The Royals And Their Arms

SURPRISE, AZ: Starting pitcher Luke Hochevar #44 of the Kansas City Royals pitches against the San Francisco Giants during the spring training game at Surprise Stadium in Surprise, Arizona. (Photo by Christian Petersen/Getty Images)

People have a pretty good idea that the Royals will be able to hit. It looks like the Royals might be able to throw, too, if only a little.

I saw a tweet the other day that caught my eye, even though it probably shouldn't have. I noted it here. The tweet came from Jon Heyman:

One AL exec: 1 team that’s "going to give other teams hell" if they get any pitching, is the #royals

I think this is a pretty popular sentiment. The Royals are seen as a team on the rise, and rightly so. They're loaded with promising young talent like few other teams. This season might not be their time, but maybe 2013, or maybe 2014. The Royals are coming, allegedly.

What this tweet did, though, was make me curious about the current Royals pitching staff. And that made me curious about the current Royals rotation, since bullpens can be so hard to predict. Just how much of a weakness is their rotation, in truth?

The Royals' rotation isn't officially figured out, but it basically is. Barring surprise, they'll begin the year with a five-man consisting of Bruce Chen, Jonathan Sanchez, Luke Hochevar, Felipe Paulino, and Danny Duffy. Proven shutdown aces, none of them. But looking over the names, what stands out to me is the strikeout potential.

Not from Bruce Chen. Bruce Chen isn't a strikeout guy. Bruce Chen isn't not a strikeout guy, like Nate Cornejo or Kirk Rueter, but he doesn't miss bats like he did a decade ago. Bruce Chen, incidentally, debuted in 1998. The first guy he faced was Tony Phillips (who struck out.)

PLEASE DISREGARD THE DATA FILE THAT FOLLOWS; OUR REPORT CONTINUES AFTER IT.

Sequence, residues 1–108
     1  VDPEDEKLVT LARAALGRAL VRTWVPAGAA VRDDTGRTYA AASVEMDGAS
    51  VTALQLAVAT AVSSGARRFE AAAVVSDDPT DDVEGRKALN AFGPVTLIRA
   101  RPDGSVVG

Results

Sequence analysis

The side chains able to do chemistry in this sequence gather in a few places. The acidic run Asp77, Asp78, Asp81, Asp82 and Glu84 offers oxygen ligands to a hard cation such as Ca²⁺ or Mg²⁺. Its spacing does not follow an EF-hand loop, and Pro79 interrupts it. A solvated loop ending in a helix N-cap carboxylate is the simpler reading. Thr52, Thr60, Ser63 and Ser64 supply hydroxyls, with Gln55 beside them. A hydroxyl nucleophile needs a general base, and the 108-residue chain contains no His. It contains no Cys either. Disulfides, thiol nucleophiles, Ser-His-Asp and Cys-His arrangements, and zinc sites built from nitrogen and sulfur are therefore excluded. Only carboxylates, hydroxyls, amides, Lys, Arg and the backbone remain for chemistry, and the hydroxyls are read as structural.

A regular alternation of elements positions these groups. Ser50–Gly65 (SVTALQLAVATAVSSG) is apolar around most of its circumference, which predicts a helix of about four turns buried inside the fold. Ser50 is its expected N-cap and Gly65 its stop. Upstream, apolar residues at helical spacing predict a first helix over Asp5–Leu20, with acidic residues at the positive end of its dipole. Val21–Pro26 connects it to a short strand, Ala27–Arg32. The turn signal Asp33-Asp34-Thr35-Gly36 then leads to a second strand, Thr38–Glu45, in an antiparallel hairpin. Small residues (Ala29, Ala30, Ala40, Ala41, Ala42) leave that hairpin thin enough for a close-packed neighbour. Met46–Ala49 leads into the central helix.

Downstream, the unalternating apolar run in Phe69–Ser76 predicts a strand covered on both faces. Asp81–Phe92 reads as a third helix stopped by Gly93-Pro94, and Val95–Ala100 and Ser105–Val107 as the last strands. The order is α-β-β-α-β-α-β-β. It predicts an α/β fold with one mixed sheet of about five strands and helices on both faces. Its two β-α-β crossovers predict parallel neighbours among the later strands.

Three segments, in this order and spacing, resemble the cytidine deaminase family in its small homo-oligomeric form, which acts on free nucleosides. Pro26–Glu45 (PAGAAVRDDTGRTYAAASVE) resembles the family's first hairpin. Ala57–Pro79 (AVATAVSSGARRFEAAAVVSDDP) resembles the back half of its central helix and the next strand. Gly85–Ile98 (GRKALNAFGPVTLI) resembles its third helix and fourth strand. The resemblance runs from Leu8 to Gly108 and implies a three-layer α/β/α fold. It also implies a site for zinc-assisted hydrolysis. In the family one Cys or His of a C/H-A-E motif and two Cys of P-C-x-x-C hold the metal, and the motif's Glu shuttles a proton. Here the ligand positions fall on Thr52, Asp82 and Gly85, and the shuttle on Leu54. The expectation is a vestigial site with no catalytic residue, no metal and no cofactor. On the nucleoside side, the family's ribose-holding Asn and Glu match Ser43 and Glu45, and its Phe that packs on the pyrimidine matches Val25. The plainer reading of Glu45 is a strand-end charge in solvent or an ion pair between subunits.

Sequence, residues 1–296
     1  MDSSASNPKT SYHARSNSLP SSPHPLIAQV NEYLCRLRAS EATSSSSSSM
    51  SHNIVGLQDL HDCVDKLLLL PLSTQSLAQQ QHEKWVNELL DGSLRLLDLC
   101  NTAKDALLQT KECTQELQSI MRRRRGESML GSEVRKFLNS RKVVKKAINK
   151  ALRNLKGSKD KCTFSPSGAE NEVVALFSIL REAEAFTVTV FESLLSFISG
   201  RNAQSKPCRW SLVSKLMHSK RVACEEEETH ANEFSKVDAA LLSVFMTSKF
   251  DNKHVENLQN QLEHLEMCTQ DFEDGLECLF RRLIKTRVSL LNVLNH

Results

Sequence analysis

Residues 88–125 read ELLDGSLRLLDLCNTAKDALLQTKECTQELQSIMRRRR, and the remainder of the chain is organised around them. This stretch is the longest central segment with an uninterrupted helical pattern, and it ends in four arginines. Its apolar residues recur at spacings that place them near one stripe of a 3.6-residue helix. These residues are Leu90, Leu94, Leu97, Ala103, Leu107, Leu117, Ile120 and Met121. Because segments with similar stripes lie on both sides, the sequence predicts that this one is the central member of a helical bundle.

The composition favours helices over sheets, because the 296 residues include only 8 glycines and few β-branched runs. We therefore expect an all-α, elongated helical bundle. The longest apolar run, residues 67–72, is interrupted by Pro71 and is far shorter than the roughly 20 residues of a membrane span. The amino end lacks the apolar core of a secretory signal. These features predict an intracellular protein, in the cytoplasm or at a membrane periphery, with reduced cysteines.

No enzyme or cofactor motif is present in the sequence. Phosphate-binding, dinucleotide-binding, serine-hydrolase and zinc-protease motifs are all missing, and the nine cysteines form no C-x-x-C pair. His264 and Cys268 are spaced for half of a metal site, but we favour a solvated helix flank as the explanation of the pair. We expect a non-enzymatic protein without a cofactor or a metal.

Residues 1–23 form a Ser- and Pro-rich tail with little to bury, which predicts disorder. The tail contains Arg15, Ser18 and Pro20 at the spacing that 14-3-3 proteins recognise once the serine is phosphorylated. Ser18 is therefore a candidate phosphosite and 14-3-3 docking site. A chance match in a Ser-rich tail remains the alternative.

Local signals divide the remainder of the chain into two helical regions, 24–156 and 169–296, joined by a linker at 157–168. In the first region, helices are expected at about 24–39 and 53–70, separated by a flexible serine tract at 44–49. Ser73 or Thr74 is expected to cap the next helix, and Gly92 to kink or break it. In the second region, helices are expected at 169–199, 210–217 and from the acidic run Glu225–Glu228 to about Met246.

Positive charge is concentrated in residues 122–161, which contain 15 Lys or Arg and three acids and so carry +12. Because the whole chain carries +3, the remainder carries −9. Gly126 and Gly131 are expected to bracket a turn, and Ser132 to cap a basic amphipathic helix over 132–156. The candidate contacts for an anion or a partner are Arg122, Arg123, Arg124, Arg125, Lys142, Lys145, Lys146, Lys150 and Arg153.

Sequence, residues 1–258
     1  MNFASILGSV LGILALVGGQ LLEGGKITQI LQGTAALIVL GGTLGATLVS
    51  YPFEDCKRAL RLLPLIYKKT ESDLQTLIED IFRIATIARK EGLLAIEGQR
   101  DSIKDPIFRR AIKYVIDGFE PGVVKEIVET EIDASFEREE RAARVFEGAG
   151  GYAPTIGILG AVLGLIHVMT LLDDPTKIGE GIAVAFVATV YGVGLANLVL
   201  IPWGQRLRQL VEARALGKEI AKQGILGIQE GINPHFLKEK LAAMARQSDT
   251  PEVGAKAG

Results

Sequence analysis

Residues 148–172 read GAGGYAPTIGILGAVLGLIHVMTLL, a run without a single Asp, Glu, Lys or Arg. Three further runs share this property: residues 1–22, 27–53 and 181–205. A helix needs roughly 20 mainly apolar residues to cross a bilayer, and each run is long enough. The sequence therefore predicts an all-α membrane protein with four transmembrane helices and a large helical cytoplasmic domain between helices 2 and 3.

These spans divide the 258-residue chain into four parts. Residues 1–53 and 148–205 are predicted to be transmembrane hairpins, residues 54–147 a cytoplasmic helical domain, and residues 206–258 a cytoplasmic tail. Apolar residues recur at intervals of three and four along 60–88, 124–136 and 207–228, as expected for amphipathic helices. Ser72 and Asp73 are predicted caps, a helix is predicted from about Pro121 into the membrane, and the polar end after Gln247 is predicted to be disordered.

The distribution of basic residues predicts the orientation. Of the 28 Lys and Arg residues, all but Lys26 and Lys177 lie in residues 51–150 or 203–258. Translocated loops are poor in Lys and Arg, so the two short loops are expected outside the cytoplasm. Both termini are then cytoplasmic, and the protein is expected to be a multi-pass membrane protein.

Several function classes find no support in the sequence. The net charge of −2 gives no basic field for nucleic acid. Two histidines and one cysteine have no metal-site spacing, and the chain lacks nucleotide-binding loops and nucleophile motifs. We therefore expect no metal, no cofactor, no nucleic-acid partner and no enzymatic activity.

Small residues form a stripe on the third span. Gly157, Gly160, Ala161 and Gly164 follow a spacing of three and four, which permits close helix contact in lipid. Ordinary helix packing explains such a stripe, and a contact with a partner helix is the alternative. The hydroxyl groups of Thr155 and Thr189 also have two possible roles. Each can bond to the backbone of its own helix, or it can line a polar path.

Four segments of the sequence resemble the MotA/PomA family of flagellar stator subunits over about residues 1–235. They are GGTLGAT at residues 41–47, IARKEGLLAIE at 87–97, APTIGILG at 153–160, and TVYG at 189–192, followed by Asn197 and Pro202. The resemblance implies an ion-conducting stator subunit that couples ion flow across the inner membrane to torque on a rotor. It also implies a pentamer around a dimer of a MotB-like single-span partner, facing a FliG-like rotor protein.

But look at the others. Sanchez? Sanchez is switching leagues, which is hard. He's never had a problem getting strikeouts, though. For his career, he's struck out nearly 24 percent of opposing batters. Last year, it was 23 percent. The year before that, 25 percent. Strikeouts have never been Sanchez's problem, and he should remain difficult to square up, even as he stops facing pitchers. His career strikeout rate against non-pitchers is better than 22 percent.

Hochevar? Here's the thing about Luke Hochevar: his 2011 numbers might be misleading. Through June 15, covering 15 starts, he struck out 42 batters. Fewer than three per start. On June 15, against the A's, he went seven frames without striking out a single batter. From that point on, though, covering 16 starts, he struck out 86. More than five per start. A rate of 20.3 percent. For a handful of reasons, Hochevar started getting whiffs, which bodes well for his 2012.

Paulino? The Royals purchased Paulino from the Rockies in May. Purchased, for money, with no player going the other way. Paulino was 27, and over 20 starts with Kansas City, he struck out a batter per inning. He has the stuff to back that up. Paulino's a power pitcher, with power-pitcher numbers.

And Duffy? As a highly rated prospect, he struck out better than 18 percent of batters in his first exposure to the bigs. He dominated in the minors, and just the other day, he struck out five Reds in two innings. That's spring training, I know, but the point is that Duffy held his own, and could and should only get better. He has people excited, who aren't just Royals people.

Bruce Chen generates some strikeouts. The other four could generate a lot of them, especially if you buy into Hochevar's improvement, and Duffy's potential. If you want to add Aaron Crow to the mix, he could get strikeouts as a starter, too. He certainly has the pitches.

Fun Fact: the highest American League strikeout rate for a team's rotation over the last decade is 19.5 percent, set by the 2007 Devil Rays. The average for the five Royals starters above, using their 2011 numbers, is 18.8 percent. If you plug in Hochevar post-improvement, that jumps to 19.8 percent. Not that teams go through seasons without needing sixth and seventh and eighth starters, but the point is, the Royals' starters could get a lot of strikeouts.

There's more to pitching than strikeouts, obviously. I don't need to tell you that Jonathan Sanchez has control problems, or that Felipe Paulino has control problems, or that Danny Duffy needs work, or other things. There will be walks, and there will be home runs. But because there should be strikeouts, there should be some effectiveness, so given health, the Royals might get pitching after all. Decent, 1-through-5 starting pitching. I don't think this is a playoff rotation just yet, but there will be times that it looks like one.

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